NaturalReader has been one of our most popular free apps for students with dyslexia for years. Students with PCs have found it especially useful, as Windows does not have a user-friendly text-to-speech tool built into it like that found in Mac OSX. But in recent years, NaturalReader apps have become available for Mac, iOS, and Android as well.
This post will focus on the PC and iOS apps, as those are the ones that we’ve worked with the most. I’ve found that the Mac app has not been updated as regularly as the PC app and doesn’t work quite as well. And since OSX has its own text-to-speech capabilities built into it, there’s not as much of a need for it on that platform. We don’t have access to an Android device to test that app, but student reports indicate that it is similar to the iOS app in design, strengths, and weaknesses.
NaturalReader for PC has two interfaces. One, the Floating Bar, hovers over whatever window is open on the screen. The other is a traditional app that opens up documents to be read aloud.
The traditional interface can open RTF, Text, PDF, Word, or ePub files. The files are displayed as text only, so all images are stripped out and much of the formatting is lost. Users may then click the play button to begin reading wherever they wish.
The free version picks up whatever voices are already on your computer. The user may easily adjust the speed without leaving the main interface. One may buy additional voices separately, or spring for one of the paid versions with other additional features.
As seen in the image above, the speech output syncs with highlighting on the screen.
When a user clicks on the “Floating Bar” button seen in the bottom right of the above image, the app shrinks down to a bar that hovers over whatever window is open on the screen.
The user then must select text to be read aloud by dragging the cursor over it. When one clicks on the play button, NaturalReader will read the selected text aloud. There is no synchronized highlighting here unless the user clicks on the little arrows on the bottom right of the bar. That opens up a box that displays the selected text and highlights the words as they are being read aloud, as seen above. Clicking on the settings wheel allows the user to change the voice and the speed.
Students use NaturalReader differently based on personal preference. Some stick with the Floating Bar for all of their readings. It works for everything, whether a searchable PDF with lots of images, an HTML article, or a Word document. Others like the highlighting in the traditional interface and will open text-heavy documents there. When a document has lots of images, though, these students will typically rely on the floating bar so as not to lose all of the formatting that’s lost in the traditional interface.
NaturalReader for iOS currently is free for 100 minutes, at which point it becomes all but inoperable. If one wants to keep using it, NaturalReader Pro is $9.99 as of publication. Just make sure you don’t buy the old NaturalReader with the teal logo which, for some reason, is still available on the app store even though it is quite buggy.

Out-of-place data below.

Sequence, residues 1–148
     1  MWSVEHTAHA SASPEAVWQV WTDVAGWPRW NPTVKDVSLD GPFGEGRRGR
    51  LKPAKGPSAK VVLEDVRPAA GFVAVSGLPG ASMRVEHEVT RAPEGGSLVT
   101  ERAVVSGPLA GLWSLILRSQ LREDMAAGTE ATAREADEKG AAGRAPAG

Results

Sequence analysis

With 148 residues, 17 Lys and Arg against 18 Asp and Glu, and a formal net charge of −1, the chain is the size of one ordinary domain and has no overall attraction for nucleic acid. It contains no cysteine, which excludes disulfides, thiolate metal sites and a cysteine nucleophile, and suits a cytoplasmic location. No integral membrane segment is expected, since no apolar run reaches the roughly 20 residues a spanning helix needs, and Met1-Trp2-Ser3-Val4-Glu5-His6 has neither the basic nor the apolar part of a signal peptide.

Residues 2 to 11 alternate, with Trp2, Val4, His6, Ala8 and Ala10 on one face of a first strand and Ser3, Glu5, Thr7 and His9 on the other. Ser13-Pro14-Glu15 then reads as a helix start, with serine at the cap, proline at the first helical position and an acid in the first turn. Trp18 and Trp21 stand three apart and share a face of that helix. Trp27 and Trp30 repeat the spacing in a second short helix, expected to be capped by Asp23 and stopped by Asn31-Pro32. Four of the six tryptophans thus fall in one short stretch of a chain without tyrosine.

It’s relatively easy to open files in NaturalReader, as one may link a OneDrive or Dropbox account or open a webpage. If a file is open elsewhere on your device, a user may also tap the button to open it in another app, one of which will be NaturalReader.
Files then display and are read aloud as the text changes color.
The below images demonstrate how a web page article can be found in NaturalReader and converted to text for reading aloud.
After tapping on the “Listen Now” button, the article is converted to text as such:
There are three major shortcomings to this app that make me unable to recommend it over our favorite mobile text-to-speech app, Voice Dream Reader, which also costs $9.99 and is now available in Android in addition to iOS.
First, it’s not easy to navigate through a file to a particular spot. Voice Dream users can double tap on any word and text-to-speech immediately begins at that tap. With NaturalReader, one either taps the play button and listens to the file from the beginning or one taps the arrow at the bottom right of the screen to bring up a menu to scroll to a place in the document. It’s not always easy to find the exact spot, though. The image below demonstrates how I’ve moved the switch horizontally to navigate to page 5 out of 9.
Second, Voice Dream syncs with more cloud services. Besides Dropbox and OneDrive, users may sync their Google Drive, iCloud, Bookshare, Evernote, Box, Pocket, and Instapaper accounts. This makes it easier to open files in Voice Dream than in NaturalReader.
Finally, Voice Dream is more rich with features for customized reading and note taking. I’ll be writing another review of Voice Dream Reader in the near future that spends more time on these features and the improvements made on the app since my first review.
NaturalReader for PC is an excellent choice for those looking for a free text-to-speech app for windows. NaturalReader for iOS is worth trying out and keeping an eye on, but it’s not at the level of Voice Dream Reader, which is available at the same price.
Please let us know your own experiences with NaturalReader and other text-to-speech apps.